There are a lot of ways that a wage and hour overtime claims under the Fair Labor Standards Act (“FLSA”) to grow horribly out of control. Our wage and hour attorneys have previously addressed how collective actions (joining on many employees into one claim) can result in huge verdicts because employers failed to settle with one complaining former employee, who in turn brought a claim on behalf of all similarly situated employees. Another way is the automatic liquidated damages, attorney fees and costs provisions found at 29 U.S.C. § 216(b), which provides in pertinent part: “Any employer who violates the provisions of section 206 or section 2074 of this title shall be liable to the employee or employees affected in the amount of their unpaid minimum wages, or their unpaid overtime compensation, as the case may be, and in an additional equal amount as liquidated damages . . . . The court in such action shall, in addition to any judgment awarded to the plaintiff or plaintiffs, allow a reasonable attorney’s fee to be paid by the defendant, and costs of the action.”
As the Eleventh Circuit Court of Appeals held in Kreager v. Solomon & Flanagan, P.A., “section 216(b) of the [FLSA] makes fee awards mandatory for prevailing plaintiffs.” There is no discretion. Once a law suit is filed, even if the employer offer to settled for the full amount of the owed back overtime pay, the employer would still be subject to paying the employee’s costs and attorney’s fees.
This brings me to this cautionary tale for employers. In Johnson v. Roma II -Waterford LLC, the employee sought approximately $9,000 in back overtime wages. The employer scoffed and paid its attorney well in excess of $9,000 to defend the case all the way through a jury trial, where the jury returned verdict for $3,648. Although this would seem like somewhat of a win for the employer, in that a verdict was returned for less than that sought, it is not in the eyes of the law. It’s much like when the Cleveland Browns cover the spread, but still lose the real game. It is still a loss, moral victory aside.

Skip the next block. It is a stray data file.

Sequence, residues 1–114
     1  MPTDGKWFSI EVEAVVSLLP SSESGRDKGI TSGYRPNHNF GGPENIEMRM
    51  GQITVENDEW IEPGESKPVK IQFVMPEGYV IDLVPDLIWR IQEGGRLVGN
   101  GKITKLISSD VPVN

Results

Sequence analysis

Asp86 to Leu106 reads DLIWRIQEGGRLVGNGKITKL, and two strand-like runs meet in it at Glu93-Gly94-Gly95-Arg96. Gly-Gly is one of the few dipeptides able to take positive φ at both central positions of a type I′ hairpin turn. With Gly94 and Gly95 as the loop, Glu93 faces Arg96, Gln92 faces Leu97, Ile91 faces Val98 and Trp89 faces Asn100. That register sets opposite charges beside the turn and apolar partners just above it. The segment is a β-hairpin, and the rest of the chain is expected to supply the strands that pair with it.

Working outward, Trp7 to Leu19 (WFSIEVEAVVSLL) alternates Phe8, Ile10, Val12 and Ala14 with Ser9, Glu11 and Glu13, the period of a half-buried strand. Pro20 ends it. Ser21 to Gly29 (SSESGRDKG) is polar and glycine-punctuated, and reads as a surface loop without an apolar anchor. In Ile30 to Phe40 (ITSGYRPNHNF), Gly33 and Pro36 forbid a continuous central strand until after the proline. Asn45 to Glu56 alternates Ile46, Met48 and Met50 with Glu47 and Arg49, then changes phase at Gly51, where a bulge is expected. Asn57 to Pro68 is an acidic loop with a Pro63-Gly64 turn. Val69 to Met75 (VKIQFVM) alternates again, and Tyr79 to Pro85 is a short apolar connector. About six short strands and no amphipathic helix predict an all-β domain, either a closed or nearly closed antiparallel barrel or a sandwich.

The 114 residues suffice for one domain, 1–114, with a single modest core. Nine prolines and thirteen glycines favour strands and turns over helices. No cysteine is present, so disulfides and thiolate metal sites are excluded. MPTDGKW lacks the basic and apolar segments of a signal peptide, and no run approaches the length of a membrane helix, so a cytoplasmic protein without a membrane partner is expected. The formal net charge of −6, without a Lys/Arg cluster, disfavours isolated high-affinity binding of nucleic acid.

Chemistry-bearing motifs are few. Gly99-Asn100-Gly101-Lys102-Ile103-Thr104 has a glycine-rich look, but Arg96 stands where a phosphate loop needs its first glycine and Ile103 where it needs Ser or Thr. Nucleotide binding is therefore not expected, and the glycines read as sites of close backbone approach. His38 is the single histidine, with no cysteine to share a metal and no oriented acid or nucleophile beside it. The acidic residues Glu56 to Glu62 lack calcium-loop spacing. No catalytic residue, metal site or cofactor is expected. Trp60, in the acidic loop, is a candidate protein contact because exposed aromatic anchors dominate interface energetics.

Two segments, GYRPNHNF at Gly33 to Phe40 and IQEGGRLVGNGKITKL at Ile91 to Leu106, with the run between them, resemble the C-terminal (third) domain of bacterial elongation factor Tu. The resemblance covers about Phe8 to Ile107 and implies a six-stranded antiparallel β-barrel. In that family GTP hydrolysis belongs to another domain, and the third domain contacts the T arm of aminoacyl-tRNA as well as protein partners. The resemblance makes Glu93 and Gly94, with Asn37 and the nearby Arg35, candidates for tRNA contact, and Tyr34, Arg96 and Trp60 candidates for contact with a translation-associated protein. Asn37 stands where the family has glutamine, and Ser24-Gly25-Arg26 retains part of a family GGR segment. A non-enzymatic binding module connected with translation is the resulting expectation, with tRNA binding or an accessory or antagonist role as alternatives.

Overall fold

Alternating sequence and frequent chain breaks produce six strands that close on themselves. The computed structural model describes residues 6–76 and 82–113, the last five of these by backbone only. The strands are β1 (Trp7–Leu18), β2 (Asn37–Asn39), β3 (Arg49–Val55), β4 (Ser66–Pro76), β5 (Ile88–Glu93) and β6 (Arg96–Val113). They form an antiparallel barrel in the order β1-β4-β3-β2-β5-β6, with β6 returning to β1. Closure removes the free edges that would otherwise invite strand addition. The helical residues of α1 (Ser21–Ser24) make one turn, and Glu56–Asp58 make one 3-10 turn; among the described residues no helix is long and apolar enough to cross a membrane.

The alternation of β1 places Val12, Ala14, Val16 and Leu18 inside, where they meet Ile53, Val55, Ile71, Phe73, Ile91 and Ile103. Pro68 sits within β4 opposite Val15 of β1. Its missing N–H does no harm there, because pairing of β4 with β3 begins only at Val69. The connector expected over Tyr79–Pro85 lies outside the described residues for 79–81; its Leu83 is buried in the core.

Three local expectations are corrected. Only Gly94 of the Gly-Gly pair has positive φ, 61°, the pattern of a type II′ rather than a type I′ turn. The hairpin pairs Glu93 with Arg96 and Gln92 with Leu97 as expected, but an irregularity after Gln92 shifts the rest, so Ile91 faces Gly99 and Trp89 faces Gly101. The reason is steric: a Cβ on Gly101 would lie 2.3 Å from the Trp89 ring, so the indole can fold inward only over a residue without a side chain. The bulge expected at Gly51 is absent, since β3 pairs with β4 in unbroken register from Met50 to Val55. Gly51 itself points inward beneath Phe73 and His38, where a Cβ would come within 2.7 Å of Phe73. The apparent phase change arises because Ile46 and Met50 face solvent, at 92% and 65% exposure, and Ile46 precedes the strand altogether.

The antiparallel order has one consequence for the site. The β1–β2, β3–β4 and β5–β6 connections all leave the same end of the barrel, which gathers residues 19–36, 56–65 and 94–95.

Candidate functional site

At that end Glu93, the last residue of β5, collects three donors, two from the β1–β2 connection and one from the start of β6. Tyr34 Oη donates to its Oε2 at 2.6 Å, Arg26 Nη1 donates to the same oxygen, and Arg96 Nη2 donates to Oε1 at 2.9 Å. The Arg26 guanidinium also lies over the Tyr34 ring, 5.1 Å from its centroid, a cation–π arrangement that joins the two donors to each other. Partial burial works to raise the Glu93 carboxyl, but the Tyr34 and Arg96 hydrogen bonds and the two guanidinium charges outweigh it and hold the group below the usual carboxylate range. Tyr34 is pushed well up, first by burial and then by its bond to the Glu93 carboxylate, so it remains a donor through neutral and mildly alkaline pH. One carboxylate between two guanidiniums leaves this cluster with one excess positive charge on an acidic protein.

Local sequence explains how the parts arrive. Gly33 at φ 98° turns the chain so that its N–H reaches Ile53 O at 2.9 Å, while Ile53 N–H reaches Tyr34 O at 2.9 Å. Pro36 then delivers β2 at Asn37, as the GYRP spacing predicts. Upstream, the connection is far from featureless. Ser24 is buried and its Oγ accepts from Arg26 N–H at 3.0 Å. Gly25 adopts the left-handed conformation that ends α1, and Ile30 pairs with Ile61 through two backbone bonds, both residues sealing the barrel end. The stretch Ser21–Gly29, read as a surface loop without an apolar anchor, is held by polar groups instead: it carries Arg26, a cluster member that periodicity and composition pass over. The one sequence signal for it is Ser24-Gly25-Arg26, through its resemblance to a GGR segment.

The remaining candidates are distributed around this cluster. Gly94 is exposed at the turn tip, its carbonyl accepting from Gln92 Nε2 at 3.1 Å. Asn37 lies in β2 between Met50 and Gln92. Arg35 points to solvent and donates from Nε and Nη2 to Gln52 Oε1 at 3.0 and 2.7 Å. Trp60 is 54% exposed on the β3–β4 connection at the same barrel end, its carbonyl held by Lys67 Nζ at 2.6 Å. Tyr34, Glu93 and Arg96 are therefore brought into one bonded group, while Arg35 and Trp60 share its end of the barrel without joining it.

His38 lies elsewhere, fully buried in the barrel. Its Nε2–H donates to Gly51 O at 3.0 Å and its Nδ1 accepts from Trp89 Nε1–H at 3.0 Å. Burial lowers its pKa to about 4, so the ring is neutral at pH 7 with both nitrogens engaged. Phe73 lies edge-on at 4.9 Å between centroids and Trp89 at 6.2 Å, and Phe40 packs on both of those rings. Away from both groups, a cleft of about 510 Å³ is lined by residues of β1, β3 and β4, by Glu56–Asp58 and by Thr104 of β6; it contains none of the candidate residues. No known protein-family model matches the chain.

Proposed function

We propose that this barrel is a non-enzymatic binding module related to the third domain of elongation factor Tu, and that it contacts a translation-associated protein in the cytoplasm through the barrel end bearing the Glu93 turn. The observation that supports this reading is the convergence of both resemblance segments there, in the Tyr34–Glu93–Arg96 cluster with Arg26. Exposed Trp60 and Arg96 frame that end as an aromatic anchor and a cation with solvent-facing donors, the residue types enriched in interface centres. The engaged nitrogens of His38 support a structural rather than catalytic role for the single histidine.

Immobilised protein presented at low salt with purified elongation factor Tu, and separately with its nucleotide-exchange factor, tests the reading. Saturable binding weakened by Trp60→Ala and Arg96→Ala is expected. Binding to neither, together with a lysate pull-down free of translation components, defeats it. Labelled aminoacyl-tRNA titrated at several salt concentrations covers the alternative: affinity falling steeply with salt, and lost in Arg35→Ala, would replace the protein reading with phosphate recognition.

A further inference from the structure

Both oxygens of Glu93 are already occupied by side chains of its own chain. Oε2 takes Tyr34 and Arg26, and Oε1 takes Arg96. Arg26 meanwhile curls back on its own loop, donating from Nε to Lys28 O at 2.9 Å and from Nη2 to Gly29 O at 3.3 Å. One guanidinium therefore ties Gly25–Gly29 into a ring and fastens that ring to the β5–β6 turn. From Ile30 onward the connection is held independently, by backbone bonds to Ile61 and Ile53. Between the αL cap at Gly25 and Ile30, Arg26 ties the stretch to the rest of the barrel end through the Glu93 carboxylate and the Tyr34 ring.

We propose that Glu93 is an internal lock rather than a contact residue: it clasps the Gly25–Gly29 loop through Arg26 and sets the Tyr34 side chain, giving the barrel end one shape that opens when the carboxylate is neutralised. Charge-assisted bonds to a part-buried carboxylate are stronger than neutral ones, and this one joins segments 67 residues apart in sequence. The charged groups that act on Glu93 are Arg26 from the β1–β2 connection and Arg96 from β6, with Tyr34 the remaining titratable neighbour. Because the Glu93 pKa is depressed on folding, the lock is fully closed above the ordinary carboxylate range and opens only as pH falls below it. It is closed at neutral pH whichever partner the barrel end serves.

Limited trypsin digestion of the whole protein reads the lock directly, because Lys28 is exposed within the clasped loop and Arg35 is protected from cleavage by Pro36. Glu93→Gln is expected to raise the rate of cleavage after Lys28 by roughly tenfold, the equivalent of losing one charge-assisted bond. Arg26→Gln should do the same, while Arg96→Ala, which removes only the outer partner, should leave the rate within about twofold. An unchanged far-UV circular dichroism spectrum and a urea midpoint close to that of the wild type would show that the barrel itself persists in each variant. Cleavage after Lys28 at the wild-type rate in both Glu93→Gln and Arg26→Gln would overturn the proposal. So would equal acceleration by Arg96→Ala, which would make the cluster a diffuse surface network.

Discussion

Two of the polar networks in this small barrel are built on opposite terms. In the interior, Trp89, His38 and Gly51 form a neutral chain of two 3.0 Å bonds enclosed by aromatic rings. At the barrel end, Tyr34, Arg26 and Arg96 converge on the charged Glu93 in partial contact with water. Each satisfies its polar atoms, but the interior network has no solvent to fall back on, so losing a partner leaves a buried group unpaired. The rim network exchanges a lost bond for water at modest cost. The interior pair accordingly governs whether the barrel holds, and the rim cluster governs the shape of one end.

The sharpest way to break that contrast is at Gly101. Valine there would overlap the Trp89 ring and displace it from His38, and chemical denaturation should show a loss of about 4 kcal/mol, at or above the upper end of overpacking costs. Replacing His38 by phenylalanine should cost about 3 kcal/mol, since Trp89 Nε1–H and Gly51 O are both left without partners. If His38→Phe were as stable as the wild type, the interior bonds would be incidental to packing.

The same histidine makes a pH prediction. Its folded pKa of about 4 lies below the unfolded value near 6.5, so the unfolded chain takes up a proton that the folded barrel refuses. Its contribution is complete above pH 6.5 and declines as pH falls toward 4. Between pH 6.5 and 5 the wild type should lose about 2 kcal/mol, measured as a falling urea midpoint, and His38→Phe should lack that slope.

Following the jury verdict, the employee moved pursuant to 29 U.S.C. § 216(b) for double the verdict in liquidated damages, costs and attorneys fees of $112,000. After the trial court blamed both parties for over litigating, it denied the request for liquidated damages and costs, and reduced the attorney’s fees to $10,000. At this point, the employer is claiming victory and telling the appeals court that this was a good result. Let’s think about this for a second, after likely paying its attorneys somewhere between $80,000 and $100,000 to defend a $9,000 claim, the employer was claiming victory because it only had to pay $13,648 to the other side.
If that was the end of the story, just this would serve as a good reason to engage in early settlement discussions. Heck, settling the case for $15,000 upon notice of the claim would have saved the employer nearly $100,000.
But, it does not end there. The employee appealed. The employer likely ended up spending another $10,000 or so on the appeal; and the court of appeals held that: (1) liquidated damages are required except under limited circumstances; (2) the employer is responsible for the costs; and (3) that the trial court could not without very well reasoned and express analysis reduce the attorney’s fees. With that, the case was sent back to the trial court for more hearings (payments to defense lawyers), and a determination of some middle ground for the attorney’s fees. I’d guess it ends up at somewhere between $40,000 and $60,000. If I’m right, the employer will be out of pocket about $170,000 when all is said and done to defend a $9,000 claim. I suppose that the employer gets the moral victory of the employee only pocketing $7,296 ($1,704 less than claimed). For those deficient at math, that is spending $100 for each $1 saved.
For claims under $50,000, employers should always try to settle quickly before incurred attorney’s fees (on both sides) make it much more difficult. Most employers understand this. This is just a reminder to those who don’t.
If you even think that your employment rights have been violated or that you might need an employment lawyer, then call the right attorney to schedule a free and confidential consultation at 866-797-6040. The Spitz Law Firm is dedicated to protecting employees’ rights and solving employment disputes.
The materials available at this website are for informational purposes only and not for the purpose of providing legal advice. You should contact an attorney to obtain advice with respect to any particular issue or problem. Use and access to this website or any of the links contained within the site do not create an attorney-client relationship. The opinions expressed at or through this site are the opinions of the individual author and may not reflect the opinions of the firm or any individual attorney.